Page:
While fertility levels have declined rapidly in most parts of the world, many countries in the sub-Saharan African region of the Sahel have seen their reproductive rates go down very slowly, and only very slightly.
The average woman in Niger, for example, still has 7.2 children, according to the Population Reference Bureau 2018 World Population Data Sheet. The average in developing countries is 2.6 children per woman.
With an annual growth rate of 3.8 percent, the world’s highest, Niger could see its population of 22.2 million nearly triple, to 63.1 million, by 2050. Half of all Nigeriens are under the age of 15 – a higher proportion than any other country.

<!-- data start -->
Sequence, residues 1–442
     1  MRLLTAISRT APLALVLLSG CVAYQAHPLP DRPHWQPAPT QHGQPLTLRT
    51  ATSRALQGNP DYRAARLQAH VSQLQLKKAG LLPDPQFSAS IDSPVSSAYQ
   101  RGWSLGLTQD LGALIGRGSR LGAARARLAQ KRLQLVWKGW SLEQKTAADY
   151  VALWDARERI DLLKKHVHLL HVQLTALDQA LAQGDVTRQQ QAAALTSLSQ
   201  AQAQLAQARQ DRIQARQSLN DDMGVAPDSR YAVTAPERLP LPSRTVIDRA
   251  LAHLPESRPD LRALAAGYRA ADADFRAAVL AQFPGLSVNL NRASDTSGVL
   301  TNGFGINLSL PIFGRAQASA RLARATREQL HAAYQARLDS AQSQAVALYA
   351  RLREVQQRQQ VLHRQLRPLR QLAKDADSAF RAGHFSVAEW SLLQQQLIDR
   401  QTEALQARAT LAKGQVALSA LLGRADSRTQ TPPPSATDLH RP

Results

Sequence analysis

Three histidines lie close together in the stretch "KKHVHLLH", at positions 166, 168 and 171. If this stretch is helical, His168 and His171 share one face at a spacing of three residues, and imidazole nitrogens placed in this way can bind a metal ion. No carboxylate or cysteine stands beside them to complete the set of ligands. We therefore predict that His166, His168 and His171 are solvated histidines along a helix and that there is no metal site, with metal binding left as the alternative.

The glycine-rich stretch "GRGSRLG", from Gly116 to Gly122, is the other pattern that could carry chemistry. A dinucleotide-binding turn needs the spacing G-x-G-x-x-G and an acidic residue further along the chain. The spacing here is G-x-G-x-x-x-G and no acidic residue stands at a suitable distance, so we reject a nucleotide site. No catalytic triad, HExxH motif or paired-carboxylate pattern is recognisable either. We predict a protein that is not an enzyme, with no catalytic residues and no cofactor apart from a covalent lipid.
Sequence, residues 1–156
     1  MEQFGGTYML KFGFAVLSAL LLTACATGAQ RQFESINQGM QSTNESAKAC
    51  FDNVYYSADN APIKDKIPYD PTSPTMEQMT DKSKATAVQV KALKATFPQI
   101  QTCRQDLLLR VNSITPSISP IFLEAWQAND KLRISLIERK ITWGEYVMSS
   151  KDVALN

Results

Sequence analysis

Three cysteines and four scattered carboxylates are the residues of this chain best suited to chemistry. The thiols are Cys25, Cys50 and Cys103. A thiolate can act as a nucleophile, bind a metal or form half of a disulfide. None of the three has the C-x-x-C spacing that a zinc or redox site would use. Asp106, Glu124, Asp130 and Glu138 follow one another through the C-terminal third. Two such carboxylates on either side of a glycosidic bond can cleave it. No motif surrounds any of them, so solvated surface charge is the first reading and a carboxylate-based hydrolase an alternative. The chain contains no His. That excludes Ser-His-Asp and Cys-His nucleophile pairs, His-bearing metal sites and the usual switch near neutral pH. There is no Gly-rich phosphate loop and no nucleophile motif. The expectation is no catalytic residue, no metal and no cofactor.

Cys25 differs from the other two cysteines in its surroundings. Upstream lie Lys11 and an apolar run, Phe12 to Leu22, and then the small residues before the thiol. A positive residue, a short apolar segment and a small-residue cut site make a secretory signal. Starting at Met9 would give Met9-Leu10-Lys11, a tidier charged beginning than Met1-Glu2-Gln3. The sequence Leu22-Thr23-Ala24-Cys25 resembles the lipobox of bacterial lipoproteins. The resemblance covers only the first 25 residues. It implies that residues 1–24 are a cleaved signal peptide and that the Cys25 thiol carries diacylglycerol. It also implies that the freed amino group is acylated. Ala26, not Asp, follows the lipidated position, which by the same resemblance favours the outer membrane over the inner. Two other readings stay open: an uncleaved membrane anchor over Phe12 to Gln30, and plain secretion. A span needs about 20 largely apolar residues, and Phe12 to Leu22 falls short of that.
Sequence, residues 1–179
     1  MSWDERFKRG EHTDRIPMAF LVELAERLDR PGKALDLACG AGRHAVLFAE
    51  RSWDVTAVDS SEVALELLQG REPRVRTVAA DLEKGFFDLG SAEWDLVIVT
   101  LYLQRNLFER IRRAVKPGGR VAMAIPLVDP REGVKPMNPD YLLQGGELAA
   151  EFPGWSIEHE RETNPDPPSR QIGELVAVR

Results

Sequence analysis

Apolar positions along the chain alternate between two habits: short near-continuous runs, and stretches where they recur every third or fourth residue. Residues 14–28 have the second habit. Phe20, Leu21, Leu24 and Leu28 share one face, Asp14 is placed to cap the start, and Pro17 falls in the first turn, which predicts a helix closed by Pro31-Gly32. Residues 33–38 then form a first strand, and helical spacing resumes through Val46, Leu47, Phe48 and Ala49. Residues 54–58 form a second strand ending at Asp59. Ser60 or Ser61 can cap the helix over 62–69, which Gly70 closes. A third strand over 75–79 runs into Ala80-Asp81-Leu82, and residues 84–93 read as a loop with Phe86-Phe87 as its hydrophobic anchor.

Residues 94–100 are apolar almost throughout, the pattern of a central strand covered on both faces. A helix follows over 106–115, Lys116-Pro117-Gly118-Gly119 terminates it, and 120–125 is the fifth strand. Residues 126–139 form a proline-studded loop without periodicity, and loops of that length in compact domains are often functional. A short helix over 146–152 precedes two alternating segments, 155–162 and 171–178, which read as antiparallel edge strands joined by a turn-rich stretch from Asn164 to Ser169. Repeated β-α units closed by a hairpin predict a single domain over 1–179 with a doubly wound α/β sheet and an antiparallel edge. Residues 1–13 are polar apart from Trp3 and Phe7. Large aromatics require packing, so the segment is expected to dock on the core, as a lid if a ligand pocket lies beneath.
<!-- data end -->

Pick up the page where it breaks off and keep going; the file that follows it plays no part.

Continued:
As a demographer, I am concerned by the situation in the Sahel region. I have studied sub-Saharan Africa’s population growth for decades, both at the World Bank and as an academic, and I have learned that a surplus of young people can predict social unrest.